since checkpoints are removed, we would be vulnerable to this attack
Where did you see that checkpoints are removed? They're still in
src/chainparams.cpp as of current master (commit
How does the headers-first synchronization prevent the fill-disk attack?
Headers-first prevents a related attack where the client would accept "orphan" blocks---block with no known parent---and store them until their parent was received. This prevented wasted bandwidth and sped up validation in the normal case but made disk-fill attacks easier in the pathological case.
Headers first allows Bitcoin Core to discover the most proof of work block chain (headers chain) that its peers know about before downloading any blocks, which allows it to ensure any blocks it receives are on that chain. This, in turn, means that it never needs to download or store orphan blocks.
A syncing node downloads all headers from a single peer. If that peer only sends headers from its malicious low-difficulty branch, won't the syncing node try to download all those blocks, and get it's disk filled?
That's correct, and that's why checkpoints are still used in the code as far as I know. My understanding is that, for the ultimate removal of checkpoints, three things were desired:
Minimum chainwork: a feature coded into a node that tells it the legitimate chain must have at least X amount of chainwork, with X being set to the value for a recent block near the time of a software release. This replaces the original use of checkpoints in preventing network-level attackers from feeding clients long, low-PoW chains containing valid blocks but which aren't the consensus best block chain. This was deployed in Bicoin Core 0.13.2.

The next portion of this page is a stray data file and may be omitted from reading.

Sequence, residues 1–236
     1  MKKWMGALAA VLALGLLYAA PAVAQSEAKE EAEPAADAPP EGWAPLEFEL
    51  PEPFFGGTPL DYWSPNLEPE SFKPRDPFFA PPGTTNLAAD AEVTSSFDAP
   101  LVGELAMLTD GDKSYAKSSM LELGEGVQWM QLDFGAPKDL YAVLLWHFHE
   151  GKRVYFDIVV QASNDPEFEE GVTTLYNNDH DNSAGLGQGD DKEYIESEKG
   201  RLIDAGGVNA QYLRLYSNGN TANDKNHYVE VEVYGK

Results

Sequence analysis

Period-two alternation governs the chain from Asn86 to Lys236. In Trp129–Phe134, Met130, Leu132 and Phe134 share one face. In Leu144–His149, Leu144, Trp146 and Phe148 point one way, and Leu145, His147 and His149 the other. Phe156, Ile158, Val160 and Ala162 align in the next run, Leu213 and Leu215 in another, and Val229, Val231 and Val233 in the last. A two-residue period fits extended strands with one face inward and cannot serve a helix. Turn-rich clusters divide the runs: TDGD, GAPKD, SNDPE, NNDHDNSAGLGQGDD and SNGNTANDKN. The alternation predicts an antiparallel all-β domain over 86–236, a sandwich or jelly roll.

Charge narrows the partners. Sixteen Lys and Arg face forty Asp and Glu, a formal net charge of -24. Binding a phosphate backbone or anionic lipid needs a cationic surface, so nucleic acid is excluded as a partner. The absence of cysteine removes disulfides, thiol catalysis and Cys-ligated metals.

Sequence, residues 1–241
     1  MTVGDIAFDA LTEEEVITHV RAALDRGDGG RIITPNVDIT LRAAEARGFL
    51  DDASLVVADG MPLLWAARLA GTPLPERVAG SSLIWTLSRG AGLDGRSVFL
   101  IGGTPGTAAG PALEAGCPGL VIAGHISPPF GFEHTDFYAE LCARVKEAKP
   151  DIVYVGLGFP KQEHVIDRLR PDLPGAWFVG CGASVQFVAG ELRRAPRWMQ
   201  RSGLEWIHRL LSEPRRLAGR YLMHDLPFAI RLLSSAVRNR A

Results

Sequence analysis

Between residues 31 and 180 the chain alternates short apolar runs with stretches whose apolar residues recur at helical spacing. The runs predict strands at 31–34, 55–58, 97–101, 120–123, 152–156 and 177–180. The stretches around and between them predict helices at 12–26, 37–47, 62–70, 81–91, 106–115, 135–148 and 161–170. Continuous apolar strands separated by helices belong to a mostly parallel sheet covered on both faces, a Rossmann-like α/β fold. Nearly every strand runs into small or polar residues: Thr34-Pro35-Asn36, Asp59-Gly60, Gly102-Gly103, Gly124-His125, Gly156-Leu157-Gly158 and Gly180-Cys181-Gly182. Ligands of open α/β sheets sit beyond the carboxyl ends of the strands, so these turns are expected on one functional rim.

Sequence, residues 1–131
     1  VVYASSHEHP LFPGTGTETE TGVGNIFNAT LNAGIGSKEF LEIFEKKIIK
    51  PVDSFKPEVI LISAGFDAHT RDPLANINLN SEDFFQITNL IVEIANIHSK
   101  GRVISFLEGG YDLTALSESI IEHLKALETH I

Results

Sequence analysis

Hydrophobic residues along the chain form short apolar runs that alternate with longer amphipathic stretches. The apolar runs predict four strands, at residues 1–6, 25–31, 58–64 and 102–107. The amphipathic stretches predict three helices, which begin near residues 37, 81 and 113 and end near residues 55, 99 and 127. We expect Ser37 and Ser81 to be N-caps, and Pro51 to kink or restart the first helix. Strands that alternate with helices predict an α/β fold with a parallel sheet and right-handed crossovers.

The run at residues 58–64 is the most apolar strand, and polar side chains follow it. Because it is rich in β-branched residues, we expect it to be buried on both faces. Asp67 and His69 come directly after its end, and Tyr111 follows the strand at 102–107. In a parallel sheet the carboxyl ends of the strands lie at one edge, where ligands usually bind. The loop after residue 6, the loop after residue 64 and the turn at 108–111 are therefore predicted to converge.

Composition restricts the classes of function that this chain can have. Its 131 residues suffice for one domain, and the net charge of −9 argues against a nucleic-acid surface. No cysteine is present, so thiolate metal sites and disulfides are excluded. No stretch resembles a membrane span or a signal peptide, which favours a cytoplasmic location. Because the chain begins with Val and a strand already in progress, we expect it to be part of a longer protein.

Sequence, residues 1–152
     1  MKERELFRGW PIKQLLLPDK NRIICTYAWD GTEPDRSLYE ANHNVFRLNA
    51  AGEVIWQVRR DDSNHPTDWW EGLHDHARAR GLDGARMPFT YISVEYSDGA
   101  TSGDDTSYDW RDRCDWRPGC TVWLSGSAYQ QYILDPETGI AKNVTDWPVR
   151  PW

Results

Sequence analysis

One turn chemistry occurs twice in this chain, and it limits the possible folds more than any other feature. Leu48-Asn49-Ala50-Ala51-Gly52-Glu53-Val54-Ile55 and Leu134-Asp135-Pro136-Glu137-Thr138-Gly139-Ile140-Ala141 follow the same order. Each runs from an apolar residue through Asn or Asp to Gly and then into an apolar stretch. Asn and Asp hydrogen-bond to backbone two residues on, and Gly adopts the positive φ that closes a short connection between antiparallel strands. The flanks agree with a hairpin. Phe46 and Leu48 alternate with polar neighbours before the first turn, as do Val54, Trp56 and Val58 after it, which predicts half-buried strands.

Assumed Valid Blocks: a feature designed to replace the secondary use of checkpoints for (optionally) speeding up Initial Block Download (IBD) by skipping validation of signatures in old blocks. This was deployed in Bitcoin Core 0.14
A minimum difficult soft fork: a change to directly address the block-fill (or header-fill) attack you described by raising the minimum difficulty at various epochs in the block chain to correspond roughly with the actual observed increases in difficulty. This would make it more expensive for an attacker to feed fake blocks to a node. To the best of my knowledge this has not yet reached the BIP stage and I'm not sure it's currently being actively championed.
For reference, this topic was discussed in the 2017-03-02 Bitcoin Core developer meeting: https://bitcoincore.org/en/meetings/2017/03/02/#discussion